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  • Author: Tarek A. Hassan, Laurence van Lent, Stephan Hollander, Ahmed Tahoun
  • Publication Date: 01-2019
  • Content Type: Working Paper
  • Institution: Institute for New Economic Thinking (INET)
  • Abstract: Using tools from computational linguistics, we construct new measures of the impact of Brexit on listed firms in the United States and around the world: the share of discussions in quarterly earnings conference calls on costs, benefits, and risks associated with the UK’s intention to leave the EU. Using this approach, we identify which firms expect to gain or lose from Brexit and which are most affected by Brexit uncertainty. We then estimate the effects of these different kinds of Brexit exposure on firm-level outcomes. We find that concerns about Brexit-related uncertainty extend far beyond British or even European firms. US and international firms most exposed to Brexit uncertainty have lost a substantial fraction of their market value and have reduced hiring and investment. In addition to Brexit uncertainty (the second moment), we find that international firms overwhelmingly expect negative direct effects of Brexit (the first moment), should it come to pass. Most prominently, firms expect difficulties resulting from regulatory divergence, reduced labor mobility, trade access, and the costs of adjusting their operations post-Brexit. Consistent with the predictions of canonical theory, this negative sentiment is recognized and priced in stock markets but has not yet had significant effects on firm actions.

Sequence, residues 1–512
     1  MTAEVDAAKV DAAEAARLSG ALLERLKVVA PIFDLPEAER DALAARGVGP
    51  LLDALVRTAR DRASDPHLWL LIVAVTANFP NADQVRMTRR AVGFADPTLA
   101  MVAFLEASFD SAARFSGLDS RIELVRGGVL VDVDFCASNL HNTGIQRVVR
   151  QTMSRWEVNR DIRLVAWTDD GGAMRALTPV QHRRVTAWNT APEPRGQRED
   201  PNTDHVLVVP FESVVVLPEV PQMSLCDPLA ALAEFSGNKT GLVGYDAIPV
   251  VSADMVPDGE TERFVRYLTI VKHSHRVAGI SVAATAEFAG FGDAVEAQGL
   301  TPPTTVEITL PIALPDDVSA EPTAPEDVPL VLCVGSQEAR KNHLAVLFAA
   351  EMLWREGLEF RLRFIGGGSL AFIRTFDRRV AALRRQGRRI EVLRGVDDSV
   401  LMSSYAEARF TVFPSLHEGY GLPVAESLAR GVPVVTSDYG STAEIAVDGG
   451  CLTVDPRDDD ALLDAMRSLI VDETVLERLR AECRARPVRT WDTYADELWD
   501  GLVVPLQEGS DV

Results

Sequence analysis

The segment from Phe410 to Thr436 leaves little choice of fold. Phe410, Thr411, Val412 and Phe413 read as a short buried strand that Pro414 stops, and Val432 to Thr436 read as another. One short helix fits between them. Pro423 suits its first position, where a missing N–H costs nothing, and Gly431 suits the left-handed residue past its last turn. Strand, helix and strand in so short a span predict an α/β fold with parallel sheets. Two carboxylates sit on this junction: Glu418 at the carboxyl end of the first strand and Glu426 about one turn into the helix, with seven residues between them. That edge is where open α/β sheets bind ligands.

• Topic: Economics, Political Economy, Regional Cooperation, Brexit, Global Political Economy, Economic Policy
  • Political Geography: Britain, United States, United Kingdom, Europe, European Union
  • Author: Sandy Brian Hager
  • Publication Date: 01-2016
  • Content Type: Working Paper
  • Institution: Centre for Global Political Economy, University of Sussex
  • Abstract: This paper offers new theoretical and empirical insights to explain the resilience of the U.S. Treasuries market as a safe haven for global investment. Going beyond the standard systemic explanation, the paper highlights the importance of domestic politics in reinforcing the safe haven status of U.S. Treasury securities. In particular, the research shows how a formidable “bond” of interests unites domestic and foreign owners of the public debt and works to sustain U.S. power in global finance. Foreigners who now own roughly half of the U.S. public debt have something to gain from their domestic counterparts. The top one percent of U.S. households that dominate domestic ownership of the U.S. public debt have considerable political clout, thus alleviating foreign concerns about the creditworthiness of the U.S. federal government. Domestic owners of the U.S. public debt, in turn, have something to gain from the seemingly insatiable foreign appetite for U.S. Treasury securities. In supplying the U.S. federal government and U.S. households with cheap credit, foreign investors in U.S. Treasuries help to deflect challenges to the top one percent within the wealth and income hierarchy.
  • Topic: Debt, Economics, International Political Economy, Inequality, Finance
  • Political Geography: United States, United Kingdom
  • Author: Michael Dauderstädt, Jose Enrique de Ayala, Domenec Ruiz Devesa, Vicente Palacio, Vicente Palacio
  • Publication Date: 02-2015
  • Content Type: Working Paper
  • Institution: Fundación Alternativas